Not a taxing budget
I have been a firm believer that every budget does not need to be a time for tax reforms. The US implemented tax reforms after about 30 years, and for some reason, we tend to expect magic from our finance ministers every year. More specifically, the magic show is said to be successful only if it has a long list of incentives, concessions and other sops. It is heartening that Budget 2018 has stayed away from the temptation of a performing act and instead, as far as income-tax is concerned, remained what I would describe as an honest attempt to address only those issues which are critical. When investors and the common man clamour for consistency, clarity and certainty, the first step for that should be fewer changes from year to year!
That said, major change is required at some fundamental level. The Economic Survey threw up statistics on the high degree of tax litigation where the government is a litigator and the low success rates. The statistic did not create alarm for most, but by coming as part of a formal survey, it was expected that the pot would be stirred. Yet, this is an area where the budget perhaps fails, since there are almost no attempts to create seismic shifts in the way the tax administration and collection systems work. The cost of tax collection is increasing, and the statistics presented during the speech on the low levels of income and tax declared by several taxpayers only reiterate the need for a more balanced and cost-effective approach. It is also perhaps the large number of effectively nil filers that create a propensity to unfairly go after the high tax filers. Let us not wait for another budget to address these issues, and the new law being drafted should certainly grab this window of opportunity.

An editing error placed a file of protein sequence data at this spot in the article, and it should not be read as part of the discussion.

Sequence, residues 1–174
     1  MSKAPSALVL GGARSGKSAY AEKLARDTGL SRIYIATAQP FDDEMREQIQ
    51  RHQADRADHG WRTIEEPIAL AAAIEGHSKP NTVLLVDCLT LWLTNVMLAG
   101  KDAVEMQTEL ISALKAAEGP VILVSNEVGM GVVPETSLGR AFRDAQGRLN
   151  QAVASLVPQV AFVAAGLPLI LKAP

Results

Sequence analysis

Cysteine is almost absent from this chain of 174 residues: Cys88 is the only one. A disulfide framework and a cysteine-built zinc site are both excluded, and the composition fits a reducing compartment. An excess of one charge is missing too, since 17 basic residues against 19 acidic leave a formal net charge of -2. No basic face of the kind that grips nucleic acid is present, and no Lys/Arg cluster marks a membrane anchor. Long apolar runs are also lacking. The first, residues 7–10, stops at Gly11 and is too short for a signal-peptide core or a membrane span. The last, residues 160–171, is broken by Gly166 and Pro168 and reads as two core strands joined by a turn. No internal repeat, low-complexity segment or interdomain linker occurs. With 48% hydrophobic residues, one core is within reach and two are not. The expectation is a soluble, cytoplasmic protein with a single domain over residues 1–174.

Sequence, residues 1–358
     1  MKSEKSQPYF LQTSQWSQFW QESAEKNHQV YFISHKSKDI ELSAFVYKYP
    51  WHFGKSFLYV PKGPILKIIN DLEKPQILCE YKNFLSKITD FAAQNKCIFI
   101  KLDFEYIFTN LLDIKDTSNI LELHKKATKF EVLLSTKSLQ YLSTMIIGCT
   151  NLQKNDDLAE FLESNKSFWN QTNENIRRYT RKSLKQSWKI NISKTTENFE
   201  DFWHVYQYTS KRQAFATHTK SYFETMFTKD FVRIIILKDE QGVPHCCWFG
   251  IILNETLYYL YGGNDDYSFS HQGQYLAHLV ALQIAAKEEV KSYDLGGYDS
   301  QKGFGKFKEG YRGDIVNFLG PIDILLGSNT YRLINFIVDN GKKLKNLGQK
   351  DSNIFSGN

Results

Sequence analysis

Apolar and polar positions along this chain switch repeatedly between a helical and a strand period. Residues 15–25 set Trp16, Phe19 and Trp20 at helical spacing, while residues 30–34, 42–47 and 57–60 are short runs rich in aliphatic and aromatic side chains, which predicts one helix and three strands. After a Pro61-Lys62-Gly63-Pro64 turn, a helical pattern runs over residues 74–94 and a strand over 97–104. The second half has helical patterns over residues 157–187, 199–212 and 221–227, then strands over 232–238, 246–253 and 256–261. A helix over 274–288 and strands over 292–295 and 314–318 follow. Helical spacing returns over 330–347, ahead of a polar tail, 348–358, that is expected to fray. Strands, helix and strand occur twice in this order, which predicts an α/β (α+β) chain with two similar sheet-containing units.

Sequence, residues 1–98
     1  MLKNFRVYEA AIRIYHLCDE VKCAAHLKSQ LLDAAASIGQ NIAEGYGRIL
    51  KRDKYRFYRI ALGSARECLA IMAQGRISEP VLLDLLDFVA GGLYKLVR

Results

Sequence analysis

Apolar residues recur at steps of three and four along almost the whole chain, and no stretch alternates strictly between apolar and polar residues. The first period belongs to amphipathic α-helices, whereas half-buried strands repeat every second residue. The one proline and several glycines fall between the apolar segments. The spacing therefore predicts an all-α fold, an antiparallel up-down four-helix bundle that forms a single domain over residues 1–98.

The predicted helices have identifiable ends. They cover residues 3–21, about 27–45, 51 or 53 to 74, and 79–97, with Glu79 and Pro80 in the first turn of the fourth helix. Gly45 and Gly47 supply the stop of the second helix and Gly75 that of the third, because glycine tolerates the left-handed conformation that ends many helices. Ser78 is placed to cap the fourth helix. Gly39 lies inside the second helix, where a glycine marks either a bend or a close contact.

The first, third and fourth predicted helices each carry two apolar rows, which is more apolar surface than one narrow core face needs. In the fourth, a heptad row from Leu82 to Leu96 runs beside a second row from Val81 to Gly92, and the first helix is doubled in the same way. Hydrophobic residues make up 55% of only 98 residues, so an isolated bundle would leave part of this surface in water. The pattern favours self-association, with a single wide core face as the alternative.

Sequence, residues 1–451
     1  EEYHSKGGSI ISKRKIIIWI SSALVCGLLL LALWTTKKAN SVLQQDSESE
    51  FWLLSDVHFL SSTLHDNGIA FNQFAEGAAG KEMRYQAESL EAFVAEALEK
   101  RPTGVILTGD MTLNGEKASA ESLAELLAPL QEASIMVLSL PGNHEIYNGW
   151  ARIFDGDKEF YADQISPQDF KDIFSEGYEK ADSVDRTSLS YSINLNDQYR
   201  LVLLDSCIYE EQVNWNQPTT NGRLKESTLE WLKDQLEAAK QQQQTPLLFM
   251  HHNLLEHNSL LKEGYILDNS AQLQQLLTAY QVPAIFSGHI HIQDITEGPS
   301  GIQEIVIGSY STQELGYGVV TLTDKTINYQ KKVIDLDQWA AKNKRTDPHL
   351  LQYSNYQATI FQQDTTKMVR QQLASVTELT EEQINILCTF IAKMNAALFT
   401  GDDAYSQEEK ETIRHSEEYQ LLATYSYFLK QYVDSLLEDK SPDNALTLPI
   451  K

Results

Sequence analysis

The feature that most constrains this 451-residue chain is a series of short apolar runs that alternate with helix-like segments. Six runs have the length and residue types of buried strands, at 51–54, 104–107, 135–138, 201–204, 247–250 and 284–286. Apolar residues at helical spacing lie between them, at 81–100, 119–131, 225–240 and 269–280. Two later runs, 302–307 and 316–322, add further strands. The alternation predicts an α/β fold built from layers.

The balancing act of the government continues with the extension of the reduced corporate tax rate of 25% for companies having a turnover of less than Rs250 crore. This will no doubt leave some free cash for additional investment, but by creating tax arbitrages between different companies and other forms of business, and without any corresponding reduction in Minimum Alternate Tax, this is at best another deferral of the larger bullet to be bitten of an across-the-board reduction in rate.
The introduction of a 10% capital gains tax on listed equity transactions and distribution tax on equity-oriented mutual funds is perhaps that revenue raising measure that will provide the courage needed for an across-the-board reduction in the coming year. This new tax was widely anticipated, and a somewhat overheated stock market was the best time to levy the tax. Since FPIs (foreign portfolio investors) pay a 15% tax on their short-term trades already, this new tax will impact mostly large corporates and HNIs (high net-worth individuals). Even there, a cost reset to the fair value as of 31 January is sweet (since as I said the markets are comfortably set). However, here again, there seem to be some slips between the cup and the lip. MAT on Indian companies remains and it is time that there is parity between domestic and foreign investors as well by way of reduced rates. Additionally, if indeed the creation of jobs and capital investment is a goal, then the lower rate of 10% should have also been extended to the private investments made by Alternate Investment Funds.
On digital taxation also the government has taken a leap by coming up with a concept of significant economic presence. Put simply, this says that if you make money from Indian consumers, please pay tax here. There is no disconnect in the theory, but there ought to be a wider debate on whether GST is the tool to collect consumption-based taxes, or whether we really need to create permanent establishments for foreign companies, and get into the quicksand that gets created as a result. If there is one provision that I would ask for wider consultations on, I would pick this one.
Onward and ahead from here.
Abhishek Goenka is partner (tax and regulatory services) at PwC.